Fashion exhibitions are always difficult, especially exhibitions of contemporary fashion. Quite often photos of the collection can be viewed online and sometimes even a video of the catwalk show, so you can see how the clothes move. If you want to see the actual clothes you can just walk into Harvey Nichols, the Galeries Lafayette or any other high end department store or of course the designer's own boutique if he or she has one. So what added value does an exhibition have?
Many fashion designers themselves, when given the opportunity to do an exhibition, also grapple with this question. One option is to ask a famous scenographer to design the exhibition, as in the Giorgio Armani Robert Wilson show at the Guggenheim Museum and the Royal Academy in London. Another option is to do something experimental that would otherwise be difficult to realize. Martin Margiela collaborated with a microbiologist for an exhibition at the Boymans van Beuningen Museum in Rotterdam, The Netherlands. The clothes were hung outside. Each cloth was treated with a different bacteria, which over time and under the influence of moist and sun caused the clothes to discolour.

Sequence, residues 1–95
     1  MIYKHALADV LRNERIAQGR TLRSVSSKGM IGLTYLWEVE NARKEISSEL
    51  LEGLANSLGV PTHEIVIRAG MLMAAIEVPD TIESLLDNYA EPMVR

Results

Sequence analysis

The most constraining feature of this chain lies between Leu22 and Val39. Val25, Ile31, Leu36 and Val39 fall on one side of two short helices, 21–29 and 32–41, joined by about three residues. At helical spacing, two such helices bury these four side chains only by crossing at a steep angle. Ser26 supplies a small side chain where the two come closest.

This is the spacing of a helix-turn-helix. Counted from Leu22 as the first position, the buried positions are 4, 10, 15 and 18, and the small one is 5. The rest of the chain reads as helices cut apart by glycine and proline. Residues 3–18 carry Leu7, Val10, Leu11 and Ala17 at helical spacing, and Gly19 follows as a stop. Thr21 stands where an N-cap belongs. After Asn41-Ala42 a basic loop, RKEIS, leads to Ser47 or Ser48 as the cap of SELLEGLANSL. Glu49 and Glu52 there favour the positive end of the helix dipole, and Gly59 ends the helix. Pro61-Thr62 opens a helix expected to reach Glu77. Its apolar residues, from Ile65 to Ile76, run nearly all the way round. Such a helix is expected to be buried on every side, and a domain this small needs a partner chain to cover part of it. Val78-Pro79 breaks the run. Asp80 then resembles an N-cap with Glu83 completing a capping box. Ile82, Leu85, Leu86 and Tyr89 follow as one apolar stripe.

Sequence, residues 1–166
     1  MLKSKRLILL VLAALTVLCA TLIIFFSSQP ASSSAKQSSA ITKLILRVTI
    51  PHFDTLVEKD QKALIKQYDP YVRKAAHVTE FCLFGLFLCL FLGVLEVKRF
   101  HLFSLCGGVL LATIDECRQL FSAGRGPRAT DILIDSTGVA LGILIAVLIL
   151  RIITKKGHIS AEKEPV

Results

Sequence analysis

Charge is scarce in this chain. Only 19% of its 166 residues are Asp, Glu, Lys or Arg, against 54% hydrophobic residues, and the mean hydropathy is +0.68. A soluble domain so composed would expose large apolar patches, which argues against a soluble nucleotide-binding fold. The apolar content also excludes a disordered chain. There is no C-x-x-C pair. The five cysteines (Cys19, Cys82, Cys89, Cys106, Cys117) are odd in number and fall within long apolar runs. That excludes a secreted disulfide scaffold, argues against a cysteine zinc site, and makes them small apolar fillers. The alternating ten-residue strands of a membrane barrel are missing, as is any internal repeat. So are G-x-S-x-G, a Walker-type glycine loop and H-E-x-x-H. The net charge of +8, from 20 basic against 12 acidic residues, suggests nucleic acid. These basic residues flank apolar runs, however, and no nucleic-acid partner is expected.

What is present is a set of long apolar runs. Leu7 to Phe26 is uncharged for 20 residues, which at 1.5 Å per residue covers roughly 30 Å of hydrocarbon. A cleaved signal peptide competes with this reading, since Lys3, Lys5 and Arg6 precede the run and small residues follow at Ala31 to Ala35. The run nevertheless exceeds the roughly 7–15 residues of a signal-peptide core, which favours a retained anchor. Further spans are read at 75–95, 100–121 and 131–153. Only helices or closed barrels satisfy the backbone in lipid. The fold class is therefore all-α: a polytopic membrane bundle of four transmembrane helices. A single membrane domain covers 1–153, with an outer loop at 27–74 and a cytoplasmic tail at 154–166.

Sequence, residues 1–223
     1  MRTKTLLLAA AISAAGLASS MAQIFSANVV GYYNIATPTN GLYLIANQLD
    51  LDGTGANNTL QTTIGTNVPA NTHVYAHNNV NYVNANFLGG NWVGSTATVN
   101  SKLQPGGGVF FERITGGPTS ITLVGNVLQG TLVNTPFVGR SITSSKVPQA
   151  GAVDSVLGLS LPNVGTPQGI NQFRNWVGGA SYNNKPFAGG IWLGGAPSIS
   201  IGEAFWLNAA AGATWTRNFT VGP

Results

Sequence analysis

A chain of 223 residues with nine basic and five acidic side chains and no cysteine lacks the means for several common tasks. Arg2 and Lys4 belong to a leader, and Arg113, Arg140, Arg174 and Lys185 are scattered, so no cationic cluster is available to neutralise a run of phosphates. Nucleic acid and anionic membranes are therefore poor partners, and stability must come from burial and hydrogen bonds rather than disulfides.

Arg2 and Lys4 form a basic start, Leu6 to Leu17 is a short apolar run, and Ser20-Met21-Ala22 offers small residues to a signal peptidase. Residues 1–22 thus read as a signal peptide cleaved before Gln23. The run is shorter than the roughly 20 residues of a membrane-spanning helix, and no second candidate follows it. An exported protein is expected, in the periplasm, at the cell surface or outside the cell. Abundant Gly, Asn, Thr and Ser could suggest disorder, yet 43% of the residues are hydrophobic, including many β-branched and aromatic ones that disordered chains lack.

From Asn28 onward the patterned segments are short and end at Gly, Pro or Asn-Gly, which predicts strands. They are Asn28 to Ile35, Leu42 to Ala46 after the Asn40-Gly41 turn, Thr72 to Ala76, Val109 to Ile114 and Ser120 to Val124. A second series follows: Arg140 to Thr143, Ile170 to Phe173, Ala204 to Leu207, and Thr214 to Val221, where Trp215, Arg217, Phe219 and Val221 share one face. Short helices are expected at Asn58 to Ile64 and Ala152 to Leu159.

At the Hussein Chalayan retrospective at the Groninger Museum you can find the obvious models, photos, excerpts from videos of several collections and the installations that Hussein Chalayan often makes to accompany a collection, such as the furniture that folds into suitcases of his fall winter 2000 collection. Also on show is the futuristic short film Place to Passage that Halayan made in 2003 about a woman who travels inside a capsule from London to Istanbul and back.
The most interesting part of the exhibition is the setting Hussein Chalayan created in the Coop Himmelb(l)au pavilion of the Groninger Museum. I loved the reflections in the mirrors on which the mannequins are standing. It reminded me of one of those mash-ups made popular by Radio Soulwax and DJ Danger Mouse. I therefore called the photo series Hussein Chalayan vs Coop Himmelb(l)au.
Hussein Chalayan is at the Groninger Museum, Groningen, The Netherlands until 4 September 2005.